Pepsin is one of the normal constituents of the gastric juice, and, with the aid of hydrochloric acid, changes albumins into peptones, in which form they are readily diffusible and capable of being absorbed into the blood.
Pepsin, as used in medicine, is a preparation made from the mucous membrane which lines the stomach of the pig.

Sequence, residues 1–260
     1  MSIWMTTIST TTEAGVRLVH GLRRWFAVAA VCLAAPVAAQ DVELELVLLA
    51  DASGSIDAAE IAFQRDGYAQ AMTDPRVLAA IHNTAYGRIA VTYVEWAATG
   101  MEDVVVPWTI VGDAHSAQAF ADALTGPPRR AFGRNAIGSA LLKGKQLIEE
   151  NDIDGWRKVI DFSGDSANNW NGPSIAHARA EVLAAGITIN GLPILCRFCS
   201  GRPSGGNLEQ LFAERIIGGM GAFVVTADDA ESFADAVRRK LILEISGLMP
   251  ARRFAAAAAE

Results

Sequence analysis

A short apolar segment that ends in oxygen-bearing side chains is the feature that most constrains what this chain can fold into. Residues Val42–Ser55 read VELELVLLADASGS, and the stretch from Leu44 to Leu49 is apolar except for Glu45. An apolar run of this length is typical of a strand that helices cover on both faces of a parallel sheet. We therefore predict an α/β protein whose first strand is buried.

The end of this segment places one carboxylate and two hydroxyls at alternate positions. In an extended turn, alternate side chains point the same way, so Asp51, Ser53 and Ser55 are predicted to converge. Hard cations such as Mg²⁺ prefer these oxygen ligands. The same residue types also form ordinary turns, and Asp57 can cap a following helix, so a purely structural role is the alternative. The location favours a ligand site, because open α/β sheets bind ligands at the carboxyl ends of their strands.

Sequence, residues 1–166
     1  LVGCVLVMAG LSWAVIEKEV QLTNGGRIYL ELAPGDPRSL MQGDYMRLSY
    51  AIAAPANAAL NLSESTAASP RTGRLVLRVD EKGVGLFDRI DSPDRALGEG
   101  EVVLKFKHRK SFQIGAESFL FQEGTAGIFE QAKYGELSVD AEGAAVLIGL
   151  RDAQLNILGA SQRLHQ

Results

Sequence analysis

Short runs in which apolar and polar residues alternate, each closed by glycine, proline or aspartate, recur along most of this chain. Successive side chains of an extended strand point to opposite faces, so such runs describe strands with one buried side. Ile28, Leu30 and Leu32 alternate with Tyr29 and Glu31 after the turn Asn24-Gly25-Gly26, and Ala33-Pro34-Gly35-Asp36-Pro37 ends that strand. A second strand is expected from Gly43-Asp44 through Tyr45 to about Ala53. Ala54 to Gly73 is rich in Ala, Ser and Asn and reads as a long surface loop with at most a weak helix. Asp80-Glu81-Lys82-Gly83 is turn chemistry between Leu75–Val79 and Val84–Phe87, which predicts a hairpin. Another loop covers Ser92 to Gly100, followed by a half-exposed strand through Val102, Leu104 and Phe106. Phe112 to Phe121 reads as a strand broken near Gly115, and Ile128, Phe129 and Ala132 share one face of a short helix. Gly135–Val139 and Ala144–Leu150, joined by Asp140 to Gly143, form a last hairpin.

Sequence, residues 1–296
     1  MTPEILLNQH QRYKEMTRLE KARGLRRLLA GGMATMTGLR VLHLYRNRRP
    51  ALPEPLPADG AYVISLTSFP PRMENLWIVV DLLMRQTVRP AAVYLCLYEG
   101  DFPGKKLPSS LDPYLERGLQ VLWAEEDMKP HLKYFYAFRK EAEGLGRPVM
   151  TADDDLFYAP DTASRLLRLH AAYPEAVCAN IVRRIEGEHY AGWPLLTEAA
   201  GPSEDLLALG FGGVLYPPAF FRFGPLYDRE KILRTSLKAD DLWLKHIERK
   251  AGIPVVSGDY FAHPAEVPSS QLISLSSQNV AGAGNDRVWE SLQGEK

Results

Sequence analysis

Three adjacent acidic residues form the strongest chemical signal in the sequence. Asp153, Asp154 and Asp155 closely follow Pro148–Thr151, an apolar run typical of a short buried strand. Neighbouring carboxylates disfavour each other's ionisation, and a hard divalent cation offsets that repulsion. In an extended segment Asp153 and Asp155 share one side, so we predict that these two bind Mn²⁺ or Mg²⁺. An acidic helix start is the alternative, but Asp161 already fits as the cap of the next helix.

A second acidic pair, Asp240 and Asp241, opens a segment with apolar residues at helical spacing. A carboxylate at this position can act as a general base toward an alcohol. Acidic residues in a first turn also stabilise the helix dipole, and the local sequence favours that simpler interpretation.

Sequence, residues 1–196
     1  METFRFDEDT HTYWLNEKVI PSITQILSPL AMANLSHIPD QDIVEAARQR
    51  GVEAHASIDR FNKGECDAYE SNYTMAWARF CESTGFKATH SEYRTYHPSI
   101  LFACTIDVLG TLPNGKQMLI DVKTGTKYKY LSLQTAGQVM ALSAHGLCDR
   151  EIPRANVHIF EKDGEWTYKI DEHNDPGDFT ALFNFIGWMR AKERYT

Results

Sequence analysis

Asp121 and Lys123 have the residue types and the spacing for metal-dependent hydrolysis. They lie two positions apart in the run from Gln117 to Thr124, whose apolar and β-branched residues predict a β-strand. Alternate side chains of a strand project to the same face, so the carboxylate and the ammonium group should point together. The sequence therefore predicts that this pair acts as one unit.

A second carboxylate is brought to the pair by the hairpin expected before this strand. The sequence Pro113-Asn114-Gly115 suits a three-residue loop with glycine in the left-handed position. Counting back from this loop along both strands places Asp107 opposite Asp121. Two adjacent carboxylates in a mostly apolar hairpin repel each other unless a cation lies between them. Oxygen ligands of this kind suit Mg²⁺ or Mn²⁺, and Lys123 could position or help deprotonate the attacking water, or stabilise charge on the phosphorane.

It is made by cleaning the mucous lining, scraping it, drying the pulp at a temperature of 100° F., and pulverizing it. The power is a light yellow-brown, almost insoluble in water, and of slightly salty taste. It may be taken dry on the tongue or given in milk.